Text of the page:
> for this, and also because a MilesLength is quite clearly a "thing" and
> hence a type of resource, and hence best described using a class.
> 
> So a river has a single length, which is of a single distance which can have
> multiple measurements. No incorrect subgraphs can be obtained.
> 
> It's worth noting that this is compatible with:
> 
> <rdf:Description>
>     <length>3906 miles</length>
> </rdf:Description>
> 
> While the above has obvious flaws, it *is* going to occur, especially in
> applications where length measurements serve no purpose other than being
> "blindly" handed to users. While any attempt to produce something richer out
> of this last RDF/XML example is fraught with the potential for error,
> producing this last example out of the one preceding it is trivial, so we at
> least have a one-way transformation between applications available to us.
> 
> Now, as for conversion between one and the other.
> 
> With what I've ended up with above I've moved away from Thomas' suggestions
> a bit, so I think I'm gong to have to look at conversion again from scratch
> to justify what I have so far.
> 
> Ignoring OWL for the moment, let's have a (rough, not even strawman)
> conversion application that allows us to say something like:
> 
> <owl:Class rdf:ID="MilesLength">
>         <con:conversion>
>                 <con:ConversionFunction>
>                         <con:target rdf:resource="#KilometerLength"/>
>                         <con:transform>{something meaning multiply by 1.609344}</con:transform>
>                 </con:ConversionFunction>
>         </con:conversion>
> <owl:Class>
> 
> A few things are noteworthy here.
> First 6300km isn't 3906 miles! It's more like 3914 (are we using different
> miles perhaps?).
> Second we have the problem of how we describe conversion functions. Ideally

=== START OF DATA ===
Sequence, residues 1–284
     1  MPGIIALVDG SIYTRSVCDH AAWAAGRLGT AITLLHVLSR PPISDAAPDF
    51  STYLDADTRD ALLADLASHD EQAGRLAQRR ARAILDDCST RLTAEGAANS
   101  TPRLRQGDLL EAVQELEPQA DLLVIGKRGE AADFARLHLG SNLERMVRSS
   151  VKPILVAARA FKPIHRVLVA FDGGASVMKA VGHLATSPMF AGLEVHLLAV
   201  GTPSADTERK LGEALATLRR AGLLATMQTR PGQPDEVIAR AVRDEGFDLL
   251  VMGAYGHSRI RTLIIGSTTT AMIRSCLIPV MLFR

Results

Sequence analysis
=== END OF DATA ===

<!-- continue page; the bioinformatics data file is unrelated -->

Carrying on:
> we would want to allow for different strategies to be used (to allow for
> expansion and improvement) but to also have a good default so people
> wouldn't expand and improve unless they really needed to.
> 
> Must conversions can be described as a factor by which one multiplies or
> divides, but not all. All conversions can be described as a mathematical
> equation, an ECMAScript function or one or more XPath functions. That brings
> a parsing burden, and possibly a security risk (in the ECMAScript option).
> 
> OWL comes into this only in the use of owl:Class. What we'd really like to
> have is something which tied MilesLength and KilometerLength together in
> owl, if only to say that they had a conversion function available. The best
> I can think of right now is something like:
> 
> <owl:Class rdf:ID="MilesLength">
>         <con:convertibleTo rdf:resource="#KilometerLength"/>
>         <con:conversion>
>                 <con:ConversionFunction>
>                         <con:target rdf:resource="#KilometerLength"/>
>                         <con:transform>{something meaning multiply by 1.609344}</con:transform>
>                 </con:ConversionFunction>
>         </con:conversion>
> <owl:Class>
> 
> or
> 
> <owl:Class rdf:ID="MilesLength">
>         <con:conversion>
>                 <con:ConversionFunction>
>                         <con:origin rdf:resource="#MilesLength"/>
>                         <con:target rdf:resource="#KilometerLength"/>
>                         <con:transform>{something meaning multiply by 1.609344}</con:transform>
>                 </con:ConversionFunction>
>         </con:conversion>
> <owl:Class>
> 
> con:origin is obviously the owl:inverseOf con:conversion, and could be
> deduced from the first attempt.
> 
> con:convertibleTo is pretty much orphaned from the actual conversion, but
> has the advantage of directly tying the two resources involved. At first
> glance con:convertibleTo would appear to be an owl:SymetricProperty, though
> I'm not sure that would hold for all conversions.
> 
> Other properties would allow us to know the names and abbreviations of the
> units involved in various languages for presentation to human users:
> 
> <owl:Class rdf:ID="KilometerLength">
>         <con:unit>
>                 <rdf:label xml:lang="en">kilometer</rdf:label>
>                 <con:abbreviation xml:lang="en">km</con:abbreviation>
>         </con:unit>
>         <!-- yadda yadda -->
> </owl:Class>
Received on Wednesday, 2 July 2003 06:35:21 GMT